One other contention that seems to be floating around today, though somewhat related to the last one, is that Democratic-leaning counties are overrepresented here. This argument seems to be based on the fact that the two highest-tallying counties (Washington and Pulaski) are counties that Chris Jones won in 2022, while Sanders won overall with 62% of the vote.
Ignoring for a moment that Sanders’ vote total in 2022 is not germane to this discussion beyond being part of the total that determines how many signatures CAPES needed on their petition, this argument is still patently absurd. Of the ten counties listed above, which (again) comprise 65% of the total signatures collected, Sanders won eight of them. In those eight counties, Jones got 31.8% of the cumulative vote (100,270 votes out of 315,855 cast).
So CAPES got 43.3% of their signatures in counties that Sanders won and in which Jones only received 31.8% of the vote. But you want me to believe that this signature gathering was a highly partisan activity that overrepresented Democrats? Seriously? That’s your conclusion?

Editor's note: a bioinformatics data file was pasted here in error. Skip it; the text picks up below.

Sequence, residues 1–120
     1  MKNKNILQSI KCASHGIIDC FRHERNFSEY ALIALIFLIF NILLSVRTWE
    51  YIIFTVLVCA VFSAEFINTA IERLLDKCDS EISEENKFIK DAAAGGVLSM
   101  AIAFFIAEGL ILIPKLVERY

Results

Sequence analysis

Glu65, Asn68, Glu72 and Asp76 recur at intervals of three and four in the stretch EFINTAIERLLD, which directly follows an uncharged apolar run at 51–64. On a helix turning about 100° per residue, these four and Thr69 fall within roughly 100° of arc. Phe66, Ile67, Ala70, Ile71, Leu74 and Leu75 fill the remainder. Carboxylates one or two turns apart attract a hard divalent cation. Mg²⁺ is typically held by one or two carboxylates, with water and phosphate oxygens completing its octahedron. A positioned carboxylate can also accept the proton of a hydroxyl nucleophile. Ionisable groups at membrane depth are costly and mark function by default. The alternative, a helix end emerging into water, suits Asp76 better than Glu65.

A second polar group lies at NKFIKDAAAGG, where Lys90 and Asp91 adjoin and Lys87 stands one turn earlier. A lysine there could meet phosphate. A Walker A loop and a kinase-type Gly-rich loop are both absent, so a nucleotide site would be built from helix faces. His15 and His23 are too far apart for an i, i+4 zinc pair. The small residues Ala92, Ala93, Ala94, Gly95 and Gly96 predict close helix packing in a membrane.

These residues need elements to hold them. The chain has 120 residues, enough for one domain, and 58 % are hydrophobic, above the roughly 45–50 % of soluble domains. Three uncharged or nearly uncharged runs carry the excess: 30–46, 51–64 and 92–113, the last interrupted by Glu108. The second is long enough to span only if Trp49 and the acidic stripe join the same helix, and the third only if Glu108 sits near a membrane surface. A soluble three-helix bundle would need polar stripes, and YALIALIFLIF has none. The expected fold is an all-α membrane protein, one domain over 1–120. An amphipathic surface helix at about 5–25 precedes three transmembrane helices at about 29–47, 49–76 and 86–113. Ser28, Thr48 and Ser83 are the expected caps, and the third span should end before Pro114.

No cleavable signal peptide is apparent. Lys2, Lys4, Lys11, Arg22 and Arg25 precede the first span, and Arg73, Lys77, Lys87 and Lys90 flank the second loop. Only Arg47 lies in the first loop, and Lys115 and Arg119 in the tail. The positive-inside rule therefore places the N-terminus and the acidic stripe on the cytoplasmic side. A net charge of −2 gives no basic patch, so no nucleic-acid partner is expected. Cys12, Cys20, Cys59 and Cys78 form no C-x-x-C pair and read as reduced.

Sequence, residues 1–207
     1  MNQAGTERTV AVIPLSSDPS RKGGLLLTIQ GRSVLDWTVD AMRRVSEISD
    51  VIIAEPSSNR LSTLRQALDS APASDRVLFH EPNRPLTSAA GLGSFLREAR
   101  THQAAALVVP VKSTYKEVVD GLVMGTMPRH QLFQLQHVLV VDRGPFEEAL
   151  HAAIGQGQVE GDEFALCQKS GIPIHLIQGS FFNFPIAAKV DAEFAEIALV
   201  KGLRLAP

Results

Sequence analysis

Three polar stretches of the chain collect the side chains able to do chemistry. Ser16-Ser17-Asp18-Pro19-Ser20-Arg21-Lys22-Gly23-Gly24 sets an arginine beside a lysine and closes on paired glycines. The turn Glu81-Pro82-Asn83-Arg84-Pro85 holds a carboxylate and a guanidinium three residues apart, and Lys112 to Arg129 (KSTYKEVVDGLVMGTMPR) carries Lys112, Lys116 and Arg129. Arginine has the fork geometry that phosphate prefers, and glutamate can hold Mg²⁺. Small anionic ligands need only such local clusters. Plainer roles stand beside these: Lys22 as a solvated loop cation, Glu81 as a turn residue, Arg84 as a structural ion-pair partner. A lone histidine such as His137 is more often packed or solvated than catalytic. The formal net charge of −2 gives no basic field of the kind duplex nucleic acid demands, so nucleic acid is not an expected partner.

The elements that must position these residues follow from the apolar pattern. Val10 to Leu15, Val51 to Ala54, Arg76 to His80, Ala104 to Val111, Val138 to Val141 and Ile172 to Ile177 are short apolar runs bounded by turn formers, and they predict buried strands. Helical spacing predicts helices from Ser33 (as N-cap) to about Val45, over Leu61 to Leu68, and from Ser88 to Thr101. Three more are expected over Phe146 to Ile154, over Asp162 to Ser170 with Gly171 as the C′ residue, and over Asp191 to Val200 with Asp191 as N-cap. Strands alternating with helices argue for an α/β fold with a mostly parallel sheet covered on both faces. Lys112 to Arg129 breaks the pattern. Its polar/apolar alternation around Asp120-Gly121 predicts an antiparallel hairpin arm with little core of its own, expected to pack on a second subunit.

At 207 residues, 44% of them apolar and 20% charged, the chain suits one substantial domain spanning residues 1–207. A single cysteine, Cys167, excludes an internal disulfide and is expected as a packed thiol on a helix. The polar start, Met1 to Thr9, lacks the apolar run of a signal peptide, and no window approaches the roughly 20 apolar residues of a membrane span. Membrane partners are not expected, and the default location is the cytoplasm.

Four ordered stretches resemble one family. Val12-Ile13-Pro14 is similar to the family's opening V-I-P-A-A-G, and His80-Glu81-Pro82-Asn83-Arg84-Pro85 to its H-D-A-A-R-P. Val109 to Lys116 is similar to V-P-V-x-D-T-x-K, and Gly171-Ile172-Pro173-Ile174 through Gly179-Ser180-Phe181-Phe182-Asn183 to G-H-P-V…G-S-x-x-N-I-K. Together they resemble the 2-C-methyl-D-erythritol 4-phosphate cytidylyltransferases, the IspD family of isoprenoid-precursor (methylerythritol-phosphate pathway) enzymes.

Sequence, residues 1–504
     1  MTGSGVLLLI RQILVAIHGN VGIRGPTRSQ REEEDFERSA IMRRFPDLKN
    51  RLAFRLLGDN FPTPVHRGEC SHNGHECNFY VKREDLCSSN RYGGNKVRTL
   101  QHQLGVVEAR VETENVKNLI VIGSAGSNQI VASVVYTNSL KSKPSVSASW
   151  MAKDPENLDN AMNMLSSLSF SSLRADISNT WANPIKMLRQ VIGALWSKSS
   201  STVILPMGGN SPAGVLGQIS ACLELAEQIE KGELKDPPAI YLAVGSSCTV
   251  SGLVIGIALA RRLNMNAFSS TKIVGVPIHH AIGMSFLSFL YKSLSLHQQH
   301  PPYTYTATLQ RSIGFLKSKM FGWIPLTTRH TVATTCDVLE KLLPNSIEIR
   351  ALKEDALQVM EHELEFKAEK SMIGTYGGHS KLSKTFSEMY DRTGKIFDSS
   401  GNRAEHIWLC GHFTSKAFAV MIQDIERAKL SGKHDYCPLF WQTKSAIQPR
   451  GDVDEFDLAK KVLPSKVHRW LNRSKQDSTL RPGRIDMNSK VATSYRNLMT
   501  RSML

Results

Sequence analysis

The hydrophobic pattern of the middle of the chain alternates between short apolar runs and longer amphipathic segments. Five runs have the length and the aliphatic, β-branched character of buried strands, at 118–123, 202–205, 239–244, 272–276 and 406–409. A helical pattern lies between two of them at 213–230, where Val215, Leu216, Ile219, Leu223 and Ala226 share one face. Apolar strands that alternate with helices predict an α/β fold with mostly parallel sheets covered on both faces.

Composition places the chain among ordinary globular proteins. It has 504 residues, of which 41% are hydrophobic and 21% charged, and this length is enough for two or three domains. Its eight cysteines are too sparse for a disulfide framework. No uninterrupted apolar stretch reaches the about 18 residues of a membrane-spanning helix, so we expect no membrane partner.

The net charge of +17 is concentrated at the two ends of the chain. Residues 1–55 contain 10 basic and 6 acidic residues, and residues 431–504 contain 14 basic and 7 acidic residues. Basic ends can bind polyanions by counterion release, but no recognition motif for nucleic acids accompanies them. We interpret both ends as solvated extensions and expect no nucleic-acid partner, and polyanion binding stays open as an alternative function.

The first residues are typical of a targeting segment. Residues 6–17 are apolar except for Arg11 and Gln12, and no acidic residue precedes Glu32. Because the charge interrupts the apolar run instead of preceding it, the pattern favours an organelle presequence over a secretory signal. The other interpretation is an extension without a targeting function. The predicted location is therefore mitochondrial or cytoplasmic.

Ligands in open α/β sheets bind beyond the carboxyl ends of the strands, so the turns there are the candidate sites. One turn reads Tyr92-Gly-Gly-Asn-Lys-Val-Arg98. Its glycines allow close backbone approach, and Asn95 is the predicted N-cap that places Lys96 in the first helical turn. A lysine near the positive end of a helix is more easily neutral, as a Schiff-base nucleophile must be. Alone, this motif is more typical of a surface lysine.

Why, if I didn’t know better, I’d think that Nic Horton and those parroting his dishonest numbers and idiotic conclusions were more concerned with protecting the LEARNS grift than with having any sort of informed discussion about the opposition to the bill. It’s much easier to try to convince Joe Arkansan that the opposition is just a few loud Democrats in a few counties than a bipartisan coalition of Arkansans from across the state.
It’s even easier to do that when you base your initial tweet on a lie about the percentages coming from the five counties that you cherry picked.
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For purposes of this post, we’ll ignore the blatantly unconstitutional changes to the number of counties that CAPES was required to get at least 3% from, since that is almost certain to be struck down. We’ll note that here only to say that the Republican legislature’s passage of that change after the people of Arkansas rejected it at the ballot in 2022 is one of the most egregious attempts at a power grab that we’ve seen in a minute.↩
Which also had an improperly passed emergency clause and should have been challenged on the front end to avoid having to deal with Griffin at all↩
Meaning, yes, Sarah Huckabee Sanders was elected Governor by winning less than 33% of the possible total votes from Arkansans. Which is unspeakably depressing.↩